similar in size and shape and has a high degree of sequence similarity to the E. coli
RNAP defined by low-resolution electron crystallography (36,37). This allows for the
comparison of the biochemical data elucidated from work with E. coli and the structural
data from Taq to construct a structure-function model of the transcription complex. The
RNAP has a "crab-claw-like" shape where the "jaws" are separated by several channels
leading to the Mg active site (Fig. 2). It is suggested that the "jaws" close around the
downstream duplex DNA in the transition from initiation to elongation. One channel

15
endoses the double-stranded DNA downstream of the transcription bubble, while a
second channel accommodates the upstream DNA resulting in a 90° bend of the DNA.
An upstream element called the "rudder" protrudes from the floor of the active site and is
positioned such that it could separate the DNA template strand and the RNA transcript
thus allowing the two strands of DNA to reanneal. Crosslinking studies predict another
channel for the passage of the RNA transcript opposite the DNA. An additional channel
called the secondary channel is postulated to recruit nucleotides and may be blocked by
the RNA 3'-end when in the backtracked conformation (169).
Three sites in the elongation complex were characterized functionally and
structurally: the double-stranded DNA binding site, the RNA-DNA heteroduplex binding
site, and the single-stranded RNA binding site (Fig. 2) (107). The DNA binding site was
mapped to 9-bp of double-stranded DNA just downstream of the 18-nt transcription
bubble (108). The RNA-DNA hybrid is composed of 8-bp as determined by chemical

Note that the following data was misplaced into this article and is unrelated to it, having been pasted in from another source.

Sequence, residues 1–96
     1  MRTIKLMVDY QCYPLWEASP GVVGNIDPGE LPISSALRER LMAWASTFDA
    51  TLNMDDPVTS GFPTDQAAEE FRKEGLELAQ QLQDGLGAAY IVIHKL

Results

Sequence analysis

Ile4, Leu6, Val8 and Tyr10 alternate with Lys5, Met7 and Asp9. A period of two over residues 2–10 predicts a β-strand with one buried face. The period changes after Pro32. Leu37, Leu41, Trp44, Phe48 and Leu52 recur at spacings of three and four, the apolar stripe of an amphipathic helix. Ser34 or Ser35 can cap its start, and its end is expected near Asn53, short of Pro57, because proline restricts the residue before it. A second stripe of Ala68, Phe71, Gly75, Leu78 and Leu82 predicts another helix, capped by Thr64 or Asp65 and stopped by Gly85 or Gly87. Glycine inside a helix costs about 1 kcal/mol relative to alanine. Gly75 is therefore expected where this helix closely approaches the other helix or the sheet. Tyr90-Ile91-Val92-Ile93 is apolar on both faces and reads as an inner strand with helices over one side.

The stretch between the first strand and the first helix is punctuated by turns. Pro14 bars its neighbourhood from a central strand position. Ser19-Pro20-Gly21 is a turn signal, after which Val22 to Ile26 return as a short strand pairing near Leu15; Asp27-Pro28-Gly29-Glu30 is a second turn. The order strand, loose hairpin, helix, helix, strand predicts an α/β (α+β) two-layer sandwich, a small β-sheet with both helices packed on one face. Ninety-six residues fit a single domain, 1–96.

footprinting and RNA-DNA chemical cross-linking (109). The heteroduplex-binding site
is a region of weak ionic interactions between the protein and the first six basepairs of the
RNA-DNA hybrid. The RNA binding site was defined using photoreactivated RNA
probes that showed tight RNA contacts with the RNAP and nine nucleotides of RNA
spanning from -8 to -17 next to the hybrid-binding site. Footprint analysis shows
protection of 40- to 50-bp of DNA (124) and 18-nt of RNA (49) in the transcription
elongation complex.

Fig. 2. Model of the paused transcription elongation complex. The cartoon represents the structure-function model of the
prokaryotic polymerase based on structural data from Taq and biochemical data from E. coli. The cartoon is adapted from the meeting
notes from ‘Post-initiation Activities of RNA Polymerase’, Fall 2000 meeting, Mountain Lake, Virginia and Mooney, Artsimovitch,
and Landick (95).

Transcription bubble |
RNA:DNA hybrid \
DNA binding site
DNA
NTP
Active site channel
RNA binding site

18
Backtracking of the ternary complex
The study of the mechanistic aspects of transcription elongation is confined to
work in prokaryotes due to the simplicity of the RNAP enzyme and the difficulty of the
elongation assays. There are three blocks to transcription elongation at which factors
theoretically can act to effect elongation: pause, arrest, and termination. Transcription
pause and arrest can be a result of intrinsic signals (interactions between the RNAP and
sequence in the RNA and DNA), a response to DNA binding proteins that physically
block progression of the RNAP, or a response to artificial conditions such as the absence